Market samples

Napilac capsules (200 mg ETD/Capsule) were provided by Global Napi Co (Egypt) and Etodine capsules (300 mg ETD/Capsule) were provided by Pharco (Egypt).

Reagents

1. Iron(III)-o-phenanthroline (27) was prepared by mixing 0.198 g of 1,10 phenanthroline monohydrate (Fluka, Swiss), 2 mL of 1 M HCl and 0.16 g of ferric ammonium sulphate dodecahydrate (Aldrich, Germany) before dilution with bidistilled water to 100 mL in a calibrated flask.

2. Iron(III)-bipyridyl (27) was prepared by dissolving 0.16 g of 2, 2'-bipyridyl (Fluka, Switzerland) in 2 mL of 1 M HCl and 0.16 g of ferric ammonium sulphate dodecahydrate, before dilution with bidistilled water to 100 mL in a calibrated flask.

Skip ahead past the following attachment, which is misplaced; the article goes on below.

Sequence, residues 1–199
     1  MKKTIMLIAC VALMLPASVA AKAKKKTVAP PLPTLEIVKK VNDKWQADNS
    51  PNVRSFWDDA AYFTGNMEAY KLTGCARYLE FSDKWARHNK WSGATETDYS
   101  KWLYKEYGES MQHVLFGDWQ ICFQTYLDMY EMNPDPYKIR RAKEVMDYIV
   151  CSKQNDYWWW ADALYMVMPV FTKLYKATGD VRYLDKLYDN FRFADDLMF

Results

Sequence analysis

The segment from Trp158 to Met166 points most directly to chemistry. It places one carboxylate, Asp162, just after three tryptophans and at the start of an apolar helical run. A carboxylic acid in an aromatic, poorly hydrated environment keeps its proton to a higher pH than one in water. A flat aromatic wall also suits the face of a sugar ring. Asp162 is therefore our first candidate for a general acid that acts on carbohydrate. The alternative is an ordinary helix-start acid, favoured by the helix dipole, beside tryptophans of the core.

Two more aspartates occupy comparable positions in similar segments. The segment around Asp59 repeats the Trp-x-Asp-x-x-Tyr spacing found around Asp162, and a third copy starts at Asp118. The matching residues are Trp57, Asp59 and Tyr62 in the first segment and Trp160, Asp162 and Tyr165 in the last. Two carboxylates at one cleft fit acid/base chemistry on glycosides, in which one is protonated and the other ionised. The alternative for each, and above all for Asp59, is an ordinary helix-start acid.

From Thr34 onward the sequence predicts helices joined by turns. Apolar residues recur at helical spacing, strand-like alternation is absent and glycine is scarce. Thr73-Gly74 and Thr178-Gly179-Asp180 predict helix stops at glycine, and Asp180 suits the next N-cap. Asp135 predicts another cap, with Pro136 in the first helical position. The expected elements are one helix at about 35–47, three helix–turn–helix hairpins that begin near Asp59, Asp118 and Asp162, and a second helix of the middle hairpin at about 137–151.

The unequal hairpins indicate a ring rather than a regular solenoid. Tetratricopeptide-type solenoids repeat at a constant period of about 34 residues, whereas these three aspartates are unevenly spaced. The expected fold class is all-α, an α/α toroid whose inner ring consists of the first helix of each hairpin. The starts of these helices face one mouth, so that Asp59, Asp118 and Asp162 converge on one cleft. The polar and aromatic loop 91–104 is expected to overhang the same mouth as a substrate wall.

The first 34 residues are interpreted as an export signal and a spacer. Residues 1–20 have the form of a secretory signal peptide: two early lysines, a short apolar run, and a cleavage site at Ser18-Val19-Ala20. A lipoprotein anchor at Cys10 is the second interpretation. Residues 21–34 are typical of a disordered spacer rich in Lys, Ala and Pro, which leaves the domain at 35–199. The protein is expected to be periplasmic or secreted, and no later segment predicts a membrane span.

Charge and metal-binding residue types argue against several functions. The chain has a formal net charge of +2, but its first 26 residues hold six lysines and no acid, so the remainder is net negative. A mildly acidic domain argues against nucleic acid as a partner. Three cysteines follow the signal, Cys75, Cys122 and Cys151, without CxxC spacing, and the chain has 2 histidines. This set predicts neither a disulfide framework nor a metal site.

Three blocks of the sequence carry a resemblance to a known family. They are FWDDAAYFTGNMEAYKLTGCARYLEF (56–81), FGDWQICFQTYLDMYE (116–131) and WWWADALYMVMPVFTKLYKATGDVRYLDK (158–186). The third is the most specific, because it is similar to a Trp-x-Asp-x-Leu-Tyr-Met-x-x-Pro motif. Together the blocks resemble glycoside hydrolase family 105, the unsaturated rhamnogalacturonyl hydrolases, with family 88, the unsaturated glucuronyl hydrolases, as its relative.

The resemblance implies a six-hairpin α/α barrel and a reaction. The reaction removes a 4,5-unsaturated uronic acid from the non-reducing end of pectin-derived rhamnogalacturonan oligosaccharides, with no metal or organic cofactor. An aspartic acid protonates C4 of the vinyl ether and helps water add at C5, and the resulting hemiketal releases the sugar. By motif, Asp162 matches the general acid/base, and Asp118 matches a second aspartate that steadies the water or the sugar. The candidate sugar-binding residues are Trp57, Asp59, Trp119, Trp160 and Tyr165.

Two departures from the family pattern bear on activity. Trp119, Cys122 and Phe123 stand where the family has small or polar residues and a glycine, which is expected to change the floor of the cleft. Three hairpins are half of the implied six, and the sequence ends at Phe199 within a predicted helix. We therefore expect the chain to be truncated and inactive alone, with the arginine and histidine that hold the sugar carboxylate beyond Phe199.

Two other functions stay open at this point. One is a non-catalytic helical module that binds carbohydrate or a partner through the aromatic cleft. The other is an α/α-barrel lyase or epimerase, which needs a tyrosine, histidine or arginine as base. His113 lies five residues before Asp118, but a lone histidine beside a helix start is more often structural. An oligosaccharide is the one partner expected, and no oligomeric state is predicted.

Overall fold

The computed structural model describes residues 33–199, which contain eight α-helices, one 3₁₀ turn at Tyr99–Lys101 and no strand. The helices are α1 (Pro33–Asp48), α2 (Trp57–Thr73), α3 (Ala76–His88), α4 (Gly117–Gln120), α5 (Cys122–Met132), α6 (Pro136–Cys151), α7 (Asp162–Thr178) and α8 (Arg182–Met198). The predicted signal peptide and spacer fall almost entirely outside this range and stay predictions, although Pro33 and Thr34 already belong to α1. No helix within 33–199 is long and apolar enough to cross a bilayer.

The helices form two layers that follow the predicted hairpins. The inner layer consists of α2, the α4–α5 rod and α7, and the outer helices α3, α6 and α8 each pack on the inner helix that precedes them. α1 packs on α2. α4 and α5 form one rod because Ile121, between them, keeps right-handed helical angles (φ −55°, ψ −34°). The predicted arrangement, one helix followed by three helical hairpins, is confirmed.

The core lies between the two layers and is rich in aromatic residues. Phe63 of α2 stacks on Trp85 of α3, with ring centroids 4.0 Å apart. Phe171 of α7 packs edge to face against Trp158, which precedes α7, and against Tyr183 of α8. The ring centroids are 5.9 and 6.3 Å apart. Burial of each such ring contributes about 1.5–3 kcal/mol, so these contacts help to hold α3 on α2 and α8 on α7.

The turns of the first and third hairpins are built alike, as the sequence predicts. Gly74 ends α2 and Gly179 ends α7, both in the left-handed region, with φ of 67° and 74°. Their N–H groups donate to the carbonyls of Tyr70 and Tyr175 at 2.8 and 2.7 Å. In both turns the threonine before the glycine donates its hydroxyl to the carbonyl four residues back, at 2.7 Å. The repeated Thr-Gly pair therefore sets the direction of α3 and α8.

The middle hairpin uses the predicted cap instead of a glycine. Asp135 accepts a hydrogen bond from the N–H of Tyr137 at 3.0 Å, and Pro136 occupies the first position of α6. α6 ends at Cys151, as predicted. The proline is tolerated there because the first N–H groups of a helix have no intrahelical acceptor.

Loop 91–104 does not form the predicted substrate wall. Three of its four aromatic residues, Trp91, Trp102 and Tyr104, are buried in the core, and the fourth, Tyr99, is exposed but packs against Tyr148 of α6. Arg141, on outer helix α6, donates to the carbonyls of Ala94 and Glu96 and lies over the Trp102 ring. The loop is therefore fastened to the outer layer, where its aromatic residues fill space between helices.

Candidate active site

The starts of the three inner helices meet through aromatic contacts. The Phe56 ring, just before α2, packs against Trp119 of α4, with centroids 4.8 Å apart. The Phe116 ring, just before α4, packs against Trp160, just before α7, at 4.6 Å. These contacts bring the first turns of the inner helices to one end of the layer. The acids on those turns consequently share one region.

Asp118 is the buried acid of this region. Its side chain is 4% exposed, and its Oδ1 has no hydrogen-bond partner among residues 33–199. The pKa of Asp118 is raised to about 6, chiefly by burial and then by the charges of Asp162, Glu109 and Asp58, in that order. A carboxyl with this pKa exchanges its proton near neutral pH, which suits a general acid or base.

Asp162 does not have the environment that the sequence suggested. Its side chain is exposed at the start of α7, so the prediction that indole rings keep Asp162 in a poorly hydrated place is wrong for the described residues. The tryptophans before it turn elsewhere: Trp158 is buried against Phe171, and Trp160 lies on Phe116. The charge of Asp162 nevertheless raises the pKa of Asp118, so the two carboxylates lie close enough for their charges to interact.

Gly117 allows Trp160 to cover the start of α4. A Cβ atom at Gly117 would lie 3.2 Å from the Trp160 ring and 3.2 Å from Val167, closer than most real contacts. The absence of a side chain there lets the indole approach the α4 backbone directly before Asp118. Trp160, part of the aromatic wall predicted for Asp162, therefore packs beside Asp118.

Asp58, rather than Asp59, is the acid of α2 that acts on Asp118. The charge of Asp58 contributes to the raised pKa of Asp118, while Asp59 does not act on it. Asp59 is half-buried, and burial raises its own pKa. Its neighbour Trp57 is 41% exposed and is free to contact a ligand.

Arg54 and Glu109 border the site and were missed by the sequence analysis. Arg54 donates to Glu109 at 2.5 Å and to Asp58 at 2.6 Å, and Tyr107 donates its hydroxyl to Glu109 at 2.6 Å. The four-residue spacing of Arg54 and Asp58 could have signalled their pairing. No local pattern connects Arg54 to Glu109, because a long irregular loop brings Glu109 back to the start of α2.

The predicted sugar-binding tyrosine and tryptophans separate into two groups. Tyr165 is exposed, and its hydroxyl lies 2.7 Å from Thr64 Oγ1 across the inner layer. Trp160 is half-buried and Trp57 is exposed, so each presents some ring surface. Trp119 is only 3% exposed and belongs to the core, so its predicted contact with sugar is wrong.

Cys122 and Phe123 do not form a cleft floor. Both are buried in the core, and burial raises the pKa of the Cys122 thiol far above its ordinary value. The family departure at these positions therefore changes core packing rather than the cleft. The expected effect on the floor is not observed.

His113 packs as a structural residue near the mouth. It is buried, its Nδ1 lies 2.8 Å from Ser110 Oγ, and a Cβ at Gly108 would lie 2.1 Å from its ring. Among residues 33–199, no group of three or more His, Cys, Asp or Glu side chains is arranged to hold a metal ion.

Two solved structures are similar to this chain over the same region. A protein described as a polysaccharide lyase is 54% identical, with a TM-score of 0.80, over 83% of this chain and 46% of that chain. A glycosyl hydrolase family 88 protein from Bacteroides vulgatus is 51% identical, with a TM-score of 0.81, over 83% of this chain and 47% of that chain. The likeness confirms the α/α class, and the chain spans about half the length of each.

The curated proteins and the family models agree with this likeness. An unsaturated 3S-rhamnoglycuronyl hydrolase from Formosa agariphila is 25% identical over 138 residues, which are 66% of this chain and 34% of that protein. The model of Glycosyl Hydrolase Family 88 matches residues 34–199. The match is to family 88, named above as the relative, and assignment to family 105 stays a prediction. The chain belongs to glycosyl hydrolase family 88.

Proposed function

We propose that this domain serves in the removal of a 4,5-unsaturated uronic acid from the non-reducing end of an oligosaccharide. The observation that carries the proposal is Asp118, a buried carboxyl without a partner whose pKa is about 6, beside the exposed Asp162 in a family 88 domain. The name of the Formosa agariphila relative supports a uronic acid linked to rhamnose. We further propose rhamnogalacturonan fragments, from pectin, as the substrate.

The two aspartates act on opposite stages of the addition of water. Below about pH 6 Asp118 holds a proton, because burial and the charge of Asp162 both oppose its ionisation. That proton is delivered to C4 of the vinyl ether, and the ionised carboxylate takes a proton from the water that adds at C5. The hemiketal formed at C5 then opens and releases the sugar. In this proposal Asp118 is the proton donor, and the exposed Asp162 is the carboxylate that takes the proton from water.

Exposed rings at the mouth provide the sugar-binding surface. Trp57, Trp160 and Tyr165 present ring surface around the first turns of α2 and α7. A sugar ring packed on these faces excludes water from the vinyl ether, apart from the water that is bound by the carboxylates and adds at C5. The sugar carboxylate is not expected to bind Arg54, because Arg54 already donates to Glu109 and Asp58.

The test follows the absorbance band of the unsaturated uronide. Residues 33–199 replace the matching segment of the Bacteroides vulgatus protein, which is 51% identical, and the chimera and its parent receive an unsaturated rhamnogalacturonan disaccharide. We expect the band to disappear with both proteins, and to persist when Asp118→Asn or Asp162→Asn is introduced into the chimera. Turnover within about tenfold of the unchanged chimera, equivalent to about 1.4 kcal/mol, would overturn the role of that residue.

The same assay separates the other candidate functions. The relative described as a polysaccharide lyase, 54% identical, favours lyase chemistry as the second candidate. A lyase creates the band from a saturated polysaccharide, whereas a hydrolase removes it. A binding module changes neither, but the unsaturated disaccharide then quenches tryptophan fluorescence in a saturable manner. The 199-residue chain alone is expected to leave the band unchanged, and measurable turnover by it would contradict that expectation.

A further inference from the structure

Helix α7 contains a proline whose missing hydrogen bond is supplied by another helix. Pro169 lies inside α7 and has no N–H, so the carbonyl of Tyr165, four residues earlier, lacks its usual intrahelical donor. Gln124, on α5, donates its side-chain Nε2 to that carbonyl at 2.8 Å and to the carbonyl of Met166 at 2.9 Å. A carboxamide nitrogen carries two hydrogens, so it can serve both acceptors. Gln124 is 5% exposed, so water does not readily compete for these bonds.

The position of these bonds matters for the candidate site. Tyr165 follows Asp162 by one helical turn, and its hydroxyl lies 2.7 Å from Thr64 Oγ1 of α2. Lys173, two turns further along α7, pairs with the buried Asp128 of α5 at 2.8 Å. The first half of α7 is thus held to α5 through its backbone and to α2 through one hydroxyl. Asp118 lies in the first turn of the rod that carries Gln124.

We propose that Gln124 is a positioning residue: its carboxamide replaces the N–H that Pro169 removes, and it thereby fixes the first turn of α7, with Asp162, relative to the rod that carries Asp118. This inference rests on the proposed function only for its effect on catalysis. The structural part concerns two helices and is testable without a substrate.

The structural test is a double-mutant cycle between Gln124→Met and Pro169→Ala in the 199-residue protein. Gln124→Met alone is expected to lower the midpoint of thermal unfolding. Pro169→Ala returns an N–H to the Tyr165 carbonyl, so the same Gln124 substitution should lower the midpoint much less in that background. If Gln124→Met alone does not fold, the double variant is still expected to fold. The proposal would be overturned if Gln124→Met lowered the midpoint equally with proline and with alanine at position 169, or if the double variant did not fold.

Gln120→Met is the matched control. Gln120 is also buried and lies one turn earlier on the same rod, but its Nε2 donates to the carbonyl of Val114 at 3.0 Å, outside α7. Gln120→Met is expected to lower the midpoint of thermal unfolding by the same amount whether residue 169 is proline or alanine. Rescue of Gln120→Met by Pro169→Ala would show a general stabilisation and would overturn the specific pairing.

3. Anhydrous FeCl3 (Merck) and K3 [Fe(CN)6] (BDH Lab. Chemicals, Poole, England) 0.2% (w/v) were prepared in bidistilled water. Sulphuric acid (10 M) was prepared by adding 555 mL of concentrated acid, (Sp. Gr. 1.83) to 445 mL of bidistilled water with cooling (28).

4. The acetate buffer solutions, with pH ranges from 2.56 – 5.6, were prepared by mixing appropriate quantities of 0.2 M sodium acetate with 0.2 M acetic acid to obtain the desired pH as previously recommended (29).

Recommended analytical procedure

Methods A and B